Leading Hotels of the World just unveiled a bunch of changes to its loyalty program, the Leaders Club, and they could prove handy for anyone who loves boutique luxury hotels. The big changes include pre-arrival upgrades, including one room upgrade on a member’s first paid stay, points accrual to earn free nights, and greater redemption flexibility. Now, members earn points toward free nights for every dollar they spend; before, a free night only came after four or five stays, depending on membership status. All that comes with a slightly higher annual membership fee—up from $150 per year to $175—but the hotel brand also overhauled how members hit elite status.
Joining Leaders Club brings a bevy of benefits, including continental breakfast for two throughout stays, complimentary Wi-Fi, and early check-in, late check-out, and room upgrade priority when available. Members earn one point per dollar spent on stays, and free nights begin at 4,000 points. All that sounds like what you get from the best hotel rewards programs, with the big difference being that $175 barrier to entry. That’s not necessarily a bad thing, either.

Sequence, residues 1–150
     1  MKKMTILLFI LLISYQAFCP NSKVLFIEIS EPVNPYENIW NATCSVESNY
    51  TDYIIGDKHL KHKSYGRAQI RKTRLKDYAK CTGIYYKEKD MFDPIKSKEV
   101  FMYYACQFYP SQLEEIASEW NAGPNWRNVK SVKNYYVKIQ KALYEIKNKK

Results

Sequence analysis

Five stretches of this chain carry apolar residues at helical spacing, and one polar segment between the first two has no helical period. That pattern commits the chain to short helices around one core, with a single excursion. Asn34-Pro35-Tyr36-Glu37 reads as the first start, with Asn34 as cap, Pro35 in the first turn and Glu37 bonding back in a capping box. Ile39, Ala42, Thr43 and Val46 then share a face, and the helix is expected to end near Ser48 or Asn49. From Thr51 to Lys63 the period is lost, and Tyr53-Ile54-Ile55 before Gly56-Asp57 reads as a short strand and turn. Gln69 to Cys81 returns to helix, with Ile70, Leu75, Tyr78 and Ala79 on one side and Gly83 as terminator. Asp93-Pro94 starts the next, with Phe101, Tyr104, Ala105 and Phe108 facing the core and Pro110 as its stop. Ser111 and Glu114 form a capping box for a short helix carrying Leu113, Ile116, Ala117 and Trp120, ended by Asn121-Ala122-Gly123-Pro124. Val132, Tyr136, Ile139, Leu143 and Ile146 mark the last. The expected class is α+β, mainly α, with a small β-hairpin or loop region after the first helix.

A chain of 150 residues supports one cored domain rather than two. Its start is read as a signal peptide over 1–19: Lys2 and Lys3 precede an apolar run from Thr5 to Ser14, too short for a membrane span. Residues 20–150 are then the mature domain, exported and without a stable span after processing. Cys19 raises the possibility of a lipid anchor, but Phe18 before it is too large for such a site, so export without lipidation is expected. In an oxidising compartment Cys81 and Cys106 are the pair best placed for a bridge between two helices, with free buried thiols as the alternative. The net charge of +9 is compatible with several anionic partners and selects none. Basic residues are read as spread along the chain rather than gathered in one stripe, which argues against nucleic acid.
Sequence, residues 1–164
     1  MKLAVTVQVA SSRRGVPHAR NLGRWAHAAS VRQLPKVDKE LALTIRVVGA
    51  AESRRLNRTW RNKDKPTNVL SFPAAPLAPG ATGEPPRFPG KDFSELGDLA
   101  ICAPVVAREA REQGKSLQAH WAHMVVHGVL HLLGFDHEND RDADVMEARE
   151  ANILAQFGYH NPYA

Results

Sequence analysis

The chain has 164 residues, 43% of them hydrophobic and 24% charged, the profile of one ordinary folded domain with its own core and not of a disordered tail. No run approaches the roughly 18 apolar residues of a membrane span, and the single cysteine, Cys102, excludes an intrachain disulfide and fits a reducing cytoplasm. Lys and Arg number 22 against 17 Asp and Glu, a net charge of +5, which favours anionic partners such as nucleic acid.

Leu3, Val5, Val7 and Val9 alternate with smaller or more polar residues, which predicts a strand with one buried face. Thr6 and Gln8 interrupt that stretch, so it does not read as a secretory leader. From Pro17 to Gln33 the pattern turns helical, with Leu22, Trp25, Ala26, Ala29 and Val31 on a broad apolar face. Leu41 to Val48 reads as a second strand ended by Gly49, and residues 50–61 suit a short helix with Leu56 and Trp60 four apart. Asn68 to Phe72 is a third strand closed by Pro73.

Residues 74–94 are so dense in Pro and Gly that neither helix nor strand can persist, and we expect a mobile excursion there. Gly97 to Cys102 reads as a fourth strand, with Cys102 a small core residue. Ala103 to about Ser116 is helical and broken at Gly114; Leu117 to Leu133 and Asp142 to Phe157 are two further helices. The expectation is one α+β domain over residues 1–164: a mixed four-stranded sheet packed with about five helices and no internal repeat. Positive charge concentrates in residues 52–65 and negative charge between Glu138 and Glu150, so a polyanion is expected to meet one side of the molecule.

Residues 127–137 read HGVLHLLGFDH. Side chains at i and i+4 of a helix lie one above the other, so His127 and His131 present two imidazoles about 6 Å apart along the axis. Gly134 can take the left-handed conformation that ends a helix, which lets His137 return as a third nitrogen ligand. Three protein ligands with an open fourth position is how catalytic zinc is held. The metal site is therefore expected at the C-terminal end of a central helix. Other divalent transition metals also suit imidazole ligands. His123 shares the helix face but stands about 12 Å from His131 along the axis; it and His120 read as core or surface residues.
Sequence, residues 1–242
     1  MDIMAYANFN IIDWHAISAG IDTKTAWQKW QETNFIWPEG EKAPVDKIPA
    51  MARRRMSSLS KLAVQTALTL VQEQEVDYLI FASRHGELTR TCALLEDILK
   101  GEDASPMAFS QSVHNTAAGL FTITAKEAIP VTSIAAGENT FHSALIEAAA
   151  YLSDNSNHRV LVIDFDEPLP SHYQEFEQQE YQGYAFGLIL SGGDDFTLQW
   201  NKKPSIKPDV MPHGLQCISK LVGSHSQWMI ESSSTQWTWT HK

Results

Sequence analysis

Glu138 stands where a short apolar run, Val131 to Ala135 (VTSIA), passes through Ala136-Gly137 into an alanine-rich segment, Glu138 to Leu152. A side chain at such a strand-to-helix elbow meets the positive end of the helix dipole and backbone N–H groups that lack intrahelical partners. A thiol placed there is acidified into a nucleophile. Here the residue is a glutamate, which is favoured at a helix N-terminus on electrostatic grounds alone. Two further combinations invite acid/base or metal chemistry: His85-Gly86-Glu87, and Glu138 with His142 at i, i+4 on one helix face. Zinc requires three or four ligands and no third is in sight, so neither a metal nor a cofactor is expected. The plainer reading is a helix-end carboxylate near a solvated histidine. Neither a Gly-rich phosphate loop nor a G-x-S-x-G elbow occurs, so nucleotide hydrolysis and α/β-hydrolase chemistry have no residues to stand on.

Given the consolidation of mega-brands like Marriott and Starwood, more people have elite status across big hotel chains, which makes upgrades harder to come by for less-frequent travelers. LHW could provide an antidote. The brand operates about 400 independent hotels in 80 different countries, including Readers’ Choice Awards favorites The Lodhi New Delhi and Fasano São Paulo. LHW sees its loyalty program more as a members-only club, hence the $175 fee, and its smaller footprint means a bit more exclusivity in who’s staying where.
Another big change for Leaders Club: Previously, members simply paid $1,200 per year for the higher of program’s two tiers of status. That’s gone. Replacing it is Leaders Club Sterling. Members pay the base $175 and achieve Sterling by spending $5,000 a year on qualifying stays. Sterling brings with it all the comps of regular Leaders Club, but adds four additional pre-arrival upgrades each year and an annual 5 percent renewal points bonus. In other words: If you stay frequently, you get more room upgrades and a retention bonus.
In addition, LHW has added an invite-only level of status beyond Sterling that comes with an associated fee, though the company wouldn’t divulge details on what that entails. Assume it’s swanky, and likely pricey. But again, the whole thrust of Leaders Club is exclusivity. These big changes put Leaders Club more in line with traditional hotel rewards programs—but they also make it easier to chip away at being elite.